Incredible snaps have been taken of the moment when Nellie the elephant skillfully manages to step over a barbed wire fence put up by a farmer in Africa.

The four-ton beast has chosen to roam across Africa by daintily skipping over fences instead of trampling everything in its wake. It elegantly lifts its front right leg over the wire, taking care not to touch it, then its left leg before repeating the process with its hind legs. After one final push, it is free and ready to hunt for food.


The photos show that Nellie clearly has respect for her surroundings and doesn’t want to be blamed for any damage. Elephants are known for their intelligence and ability to solve problems – Nellie’s antics confirm how true that is.

Clever fella: The elephant skillfully steps over the farmer’s barbed wire fence, choosing not to trample all over it

Easy does it: His front right leg goes over first while keeping upright

The images were posted on Facebook by Indri Ultimate Wildlife Tours, of Cape Town, South Africa, which said: ‘Our feeling when looking at these photographs is one of utter respect.’


They will come as no surprise to scientists who have studied elephants’ brains, particularly when confronted with danger. Their ability to remember means elephants can dodge not just fences but droughts too.

The theory is that older females memorize earlier severe droughts and how the elephants at the time survived it.

This means they know where to find distant food and water sources giving them a better chance of survival as climate change becomes a real threat to their natural habitats.

Acrobatic: The elephant makes the whole process look easy despite his size and having four legs

Nearly there: Nellie proves she’s no Dumbo and is now close to escaping


Strolls away: The elephant successfully negotiates the fence and free is to roam

But Nellie isn’t the only elephant dodging obstacles across Africa.

A second elephant was also caught on film skillfully having to avoid an electric fence in Mpumalanga, near the Kruger National Park.

This time the cheeky little elephant steps over the fence to grab a branch from a much-loved marula fruit tree in the back garden of a house.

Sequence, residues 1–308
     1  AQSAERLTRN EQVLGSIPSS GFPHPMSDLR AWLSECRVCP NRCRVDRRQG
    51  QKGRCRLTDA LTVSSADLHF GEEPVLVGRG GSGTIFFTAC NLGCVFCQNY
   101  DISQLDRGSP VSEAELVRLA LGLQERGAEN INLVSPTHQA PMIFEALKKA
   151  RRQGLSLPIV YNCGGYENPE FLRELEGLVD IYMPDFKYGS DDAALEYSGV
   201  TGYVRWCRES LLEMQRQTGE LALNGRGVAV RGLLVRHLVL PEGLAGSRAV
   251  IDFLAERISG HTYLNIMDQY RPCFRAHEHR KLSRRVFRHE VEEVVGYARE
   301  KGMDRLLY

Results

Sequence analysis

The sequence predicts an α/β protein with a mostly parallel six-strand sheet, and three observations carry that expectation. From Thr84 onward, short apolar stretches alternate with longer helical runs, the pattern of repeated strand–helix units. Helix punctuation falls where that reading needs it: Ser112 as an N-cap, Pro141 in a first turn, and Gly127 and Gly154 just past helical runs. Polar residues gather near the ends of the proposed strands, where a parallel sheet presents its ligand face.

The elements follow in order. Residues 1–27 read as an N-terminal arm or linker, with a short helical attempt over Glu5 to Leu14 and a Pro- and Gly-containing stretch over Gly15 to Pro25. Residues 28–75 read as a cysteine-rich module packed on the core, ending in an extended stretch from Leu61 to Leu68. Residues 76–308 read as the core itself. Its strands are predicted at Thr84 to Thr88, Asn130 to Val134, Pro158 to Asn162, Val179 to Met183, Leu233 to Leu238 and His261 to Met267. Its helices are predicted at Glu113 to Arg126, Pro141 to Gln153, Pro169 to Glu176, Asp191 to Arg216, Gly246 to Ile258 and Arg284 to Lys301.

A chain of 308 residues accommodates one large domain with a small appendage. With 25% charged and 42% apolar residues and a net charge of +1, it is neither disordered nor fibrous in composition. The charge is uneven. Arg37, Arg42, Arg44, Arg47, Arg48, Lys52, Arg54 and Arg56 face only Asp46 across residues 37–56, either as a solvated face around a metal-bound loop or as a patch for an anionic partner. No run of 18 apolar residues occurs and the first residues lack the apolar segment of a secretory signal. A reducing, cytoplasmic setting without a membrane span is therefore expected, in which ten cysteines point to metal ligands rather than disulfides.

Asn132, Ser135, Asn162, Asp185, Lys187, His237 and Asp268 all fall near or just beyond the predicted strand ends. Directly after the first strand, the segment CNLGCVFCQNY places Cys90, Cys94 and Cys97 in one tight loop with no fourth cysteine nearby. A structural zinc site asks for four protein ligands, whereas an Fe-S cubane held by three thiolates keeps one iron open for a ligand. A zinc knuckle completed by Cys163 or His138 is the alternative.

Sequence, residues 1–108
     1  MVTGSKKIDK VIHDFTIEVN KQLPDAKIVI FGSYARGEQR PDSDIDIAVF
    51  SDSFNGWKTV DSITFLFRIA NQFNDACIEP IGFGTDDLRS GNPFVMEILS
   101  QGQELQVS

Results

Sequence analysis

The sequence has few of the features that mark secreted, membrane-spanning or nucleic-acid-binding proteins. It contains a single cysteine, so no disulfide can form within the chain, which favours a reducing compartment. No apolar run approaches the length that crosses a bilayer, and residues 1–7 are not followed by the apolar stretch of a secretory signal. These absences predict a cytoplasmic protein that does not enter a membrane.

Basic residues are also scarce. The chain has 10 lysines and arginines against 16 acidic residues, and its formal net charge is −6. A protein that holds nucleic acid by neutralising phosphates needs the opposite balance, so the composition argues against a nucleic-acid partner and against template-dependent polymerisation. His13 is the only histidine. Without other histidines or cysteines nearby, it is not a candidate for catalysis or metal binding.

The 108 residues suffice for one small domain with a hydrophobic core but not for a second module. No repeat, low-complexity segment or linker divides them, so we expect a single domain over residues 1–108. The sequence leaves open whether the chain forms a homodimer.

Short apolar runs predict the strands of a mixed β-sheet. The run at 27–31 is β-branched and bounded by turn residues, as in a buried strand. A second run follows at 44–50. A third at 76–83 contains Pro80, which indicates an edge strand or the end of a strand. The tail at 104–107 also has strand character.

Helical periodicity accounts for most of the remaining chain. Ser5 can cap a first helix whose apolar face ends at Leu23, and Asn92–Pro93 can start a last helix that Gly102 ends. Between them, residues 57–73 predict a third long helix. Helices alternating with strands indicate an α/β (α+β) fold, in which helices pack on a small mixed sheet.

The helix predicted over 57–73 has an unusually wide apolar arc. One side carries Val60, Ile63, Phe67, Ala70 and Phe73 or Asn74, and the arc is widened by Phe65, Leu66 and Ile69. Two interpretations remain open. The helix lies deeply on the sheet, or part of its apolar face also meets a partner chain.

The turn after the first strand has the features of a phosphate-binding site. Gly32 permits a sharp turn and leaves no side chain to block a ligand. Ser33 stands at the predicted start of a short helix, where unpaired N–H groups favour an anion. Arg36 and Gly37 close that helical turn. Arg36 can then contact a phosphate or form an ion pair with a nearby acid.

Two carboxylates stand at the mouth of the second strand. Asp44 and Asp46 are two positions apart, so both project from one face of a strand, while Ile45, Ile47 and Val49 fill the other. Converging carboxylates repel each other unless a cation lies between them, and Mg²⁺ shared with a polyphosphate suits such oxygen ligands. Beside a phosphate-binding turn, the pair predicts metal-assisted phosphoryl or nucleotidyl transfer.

The elephant is clearly keen to avoid past experiences such as being tangled up or electrocuted by a nasty fence.

After having his snack the young male then lifts both legs back over the fence carefully – despite no current being passed through the electric fence.

Magdel van den Berg, the journalist who filmed the baby elephant, said: ‘It was quite strange to see the elephant do this but it is marula fruit season and elephants love them. He remembered the fence for sure, he is a regular visitor to the area. It was interesting to see an animal think and plan its way around the obstacles, the owner of the property has reported him going as far as their front door, up hills, and over more fences. Quite a busy little boy he is.’


Sadly not all elephants find it so easy to adapt to their manmade surroundings and can experience horrific accidents while roaming.

In May last year, four elephants were killed after they became trapped on a railway line and were hit by a speeding train.

The elephants were part of a herd crossing the railroad tracks in eastern India when the express passenger train plowed into them.

Two adult female elephants and one calf were killed at the scene while another died later from its injuries.


Dozens of elephants have died in recent years in such accidents as trains run through national parks and forests. Activists have called for trains to lower their speeds through such areas.

One step at a time: The elephant breaches the fence and enjoys his lunch reaching out for a branch in the back garden of a house


Read more at Elephant Word category.

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